Authentic Coinmunications for this Article will always be thankfully received.


NEW edition is in the press, and body, for whose use it appears to be so

will speedily be published, of the immediately designed. Vorks of the Poets, from Chaucer to Mr. Park's edition of Wartou's IlisCowper; including the best Translations tory of English Poetry, is in a state of of the Classics, li will torm twenty-two great forwardness. The editor's plan is volumes, royal octavo, printed in two co- not only to revise both text and notes, lumns, and will, in every respect, con

and free the extracts from the charge of stitute one of the handsomest library inaccuracy to which they have hitherto books that has appeared for several been subjected, but also to supply a Conyears.

tinuation in furtherance of Mr. Warton's Mr. Bewick, of Newcastle, so de- plan. servedly celebrated for his skill in engrave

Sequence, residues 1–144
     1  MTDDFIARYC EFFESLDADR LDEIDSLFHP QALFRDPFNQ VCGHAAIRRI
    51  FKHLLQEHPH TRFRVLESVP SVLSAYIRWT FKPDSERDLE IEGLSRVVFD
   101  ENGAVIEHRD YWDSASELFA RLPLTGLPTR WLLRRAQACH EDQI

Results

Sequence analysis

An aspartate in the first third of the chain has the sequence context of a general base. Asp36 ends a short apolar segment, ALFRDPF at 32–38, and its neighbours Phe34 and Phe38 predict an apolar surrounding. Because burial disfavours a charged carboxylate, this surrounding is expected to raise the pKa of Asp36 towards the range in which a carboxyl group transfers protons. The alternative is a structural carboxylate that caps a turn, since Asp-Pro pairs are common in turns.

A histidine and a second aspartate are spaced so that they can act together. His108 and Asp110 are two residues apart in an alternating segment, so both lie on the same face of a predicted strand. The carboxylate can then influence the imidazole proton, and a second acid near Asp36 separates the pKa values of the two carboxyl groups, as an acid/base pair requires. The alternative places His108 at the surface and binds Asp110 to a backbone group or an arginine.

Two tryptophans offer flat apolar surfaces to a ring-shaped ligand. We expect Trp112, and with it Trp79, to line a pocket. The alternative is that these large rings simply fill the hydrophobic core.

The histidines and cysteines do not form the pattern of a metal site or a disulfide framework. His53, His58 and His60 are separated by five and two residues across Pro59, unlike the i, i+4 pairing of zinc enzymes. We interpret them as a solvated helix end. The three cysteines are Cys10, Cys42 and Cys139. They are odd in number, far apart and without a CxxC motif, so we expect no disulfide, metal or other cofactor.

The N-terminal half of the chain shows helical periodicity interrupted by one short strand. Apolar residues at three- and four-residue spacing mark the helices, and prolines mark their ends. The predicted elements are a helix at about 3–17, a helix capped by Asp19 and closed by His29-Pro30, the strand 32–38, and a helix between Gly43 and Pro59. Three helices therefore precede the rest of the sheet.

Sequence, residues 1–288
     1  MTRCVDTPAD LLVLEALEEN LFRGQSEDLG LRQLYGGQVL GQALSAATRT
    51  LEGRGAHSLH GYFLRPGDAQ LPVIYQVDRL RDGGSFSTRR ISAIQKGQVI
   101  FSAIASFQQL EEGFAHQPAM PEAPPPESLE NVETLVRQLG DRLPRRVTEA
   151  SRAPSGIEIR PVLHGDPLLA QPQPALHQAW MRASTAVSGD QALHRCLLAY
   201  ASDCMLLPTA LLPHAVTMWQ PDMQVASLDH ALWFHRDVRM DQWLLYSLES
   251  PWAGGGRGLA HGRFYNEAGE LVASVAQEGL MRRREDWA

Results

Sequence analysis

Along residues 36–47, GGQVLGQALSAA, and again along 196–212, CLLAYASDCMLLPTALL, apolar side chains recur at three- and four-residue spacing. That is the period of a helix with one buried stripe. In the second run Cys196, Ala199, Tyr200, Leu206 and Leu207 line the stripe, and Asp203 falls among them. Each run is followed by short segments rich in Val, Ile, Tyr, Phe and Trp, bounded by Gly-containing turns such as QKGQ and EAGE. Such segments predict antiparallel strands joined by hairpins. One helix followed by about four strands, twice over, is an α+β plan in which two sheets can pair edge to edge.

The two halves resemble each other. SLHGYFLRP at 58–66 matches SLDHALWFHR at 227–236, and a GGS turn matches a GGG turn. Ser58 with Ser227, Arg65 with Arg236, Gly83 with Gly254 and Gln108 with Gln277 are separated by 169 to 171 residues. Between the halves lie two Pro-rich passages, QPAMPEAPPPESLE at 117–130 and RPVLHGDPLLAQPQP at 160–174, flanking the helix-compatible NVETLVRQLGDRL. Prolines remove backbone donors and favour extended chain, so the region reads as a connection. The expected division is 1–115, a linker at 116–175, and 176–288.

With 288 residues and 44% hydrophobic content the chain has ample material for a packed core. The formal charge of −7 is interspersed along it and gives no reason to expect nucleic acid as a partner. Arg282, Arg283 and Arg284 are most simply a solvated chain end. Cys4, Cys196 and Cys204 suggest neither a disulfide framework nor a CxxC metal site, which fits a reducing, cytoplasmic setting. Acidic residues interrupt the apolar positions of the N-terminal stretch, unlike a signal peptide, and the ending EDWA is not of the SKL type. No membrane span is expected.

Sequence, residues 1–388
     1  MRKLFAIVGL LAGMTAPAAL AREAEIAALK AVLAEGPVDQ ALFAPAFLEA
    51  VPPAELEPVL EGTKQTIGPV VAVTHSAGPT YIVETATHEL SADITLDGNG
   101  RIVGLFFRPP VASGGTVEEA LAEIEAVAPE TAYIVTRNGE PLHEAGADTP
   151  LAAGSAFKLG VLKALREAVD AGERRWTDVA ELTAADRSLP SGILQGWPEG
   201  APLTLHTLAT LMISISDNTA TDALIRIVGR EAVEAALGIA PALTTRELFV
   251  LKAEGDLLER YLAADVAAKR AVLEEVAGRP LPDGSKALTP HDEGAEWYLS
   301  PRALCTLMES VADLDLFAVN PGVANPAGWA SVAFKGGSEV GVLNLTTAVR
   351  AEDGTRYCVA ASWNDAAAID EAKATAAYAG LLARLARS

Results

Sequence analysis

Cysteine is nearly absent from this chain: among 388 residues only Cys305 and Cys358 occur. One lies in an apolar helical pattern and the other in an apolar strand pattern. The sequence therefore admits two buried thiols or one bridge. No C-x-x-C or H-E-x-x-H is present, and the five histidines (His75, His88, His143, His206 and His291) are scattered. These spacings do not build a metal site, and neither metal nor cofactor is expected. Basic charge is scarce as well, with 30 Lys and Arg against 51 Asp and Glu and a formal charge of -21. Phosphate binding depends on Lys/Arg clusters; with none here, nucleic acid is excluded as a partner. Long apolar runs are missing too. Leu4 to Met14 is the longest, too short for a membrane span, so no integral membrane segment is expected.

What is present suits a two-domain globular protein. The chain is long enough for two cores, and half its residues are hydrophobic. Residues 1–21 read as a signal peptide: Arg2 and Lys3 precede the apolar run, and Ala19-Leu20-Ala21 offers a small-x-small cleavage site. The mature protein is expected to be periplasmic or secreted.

The very copious Annotations on Waring in wood, has for a considerable time, ton's History by the late learned antibeen engaged on a System of Economi- quary, the Rev. George Ashby, together cal or Useful Botany, which will include with various Manuscript Observations left about 450 plants, the most useful in the by that acute critic Mr. Ritson, are in the Materia Medica, in Diet and Manufac. hands of the present editor; and so far tures. The text has been prepared by as the purposes of correction and illustraDr. Thornton, and will contain a body of tion can be served will be appended to valuable information relative to the flise the notes of Mr. Warton, tory and Uses of the several Plauts. A new edition, corrected and enlarged, There will be two editions, one on royal of Dr. Milner's "listory of Winchester, paper, of which only a small number has will be published in the course of the enbeen printed; and the other on demy, suing month. neither of them inferior in beauty to Mr.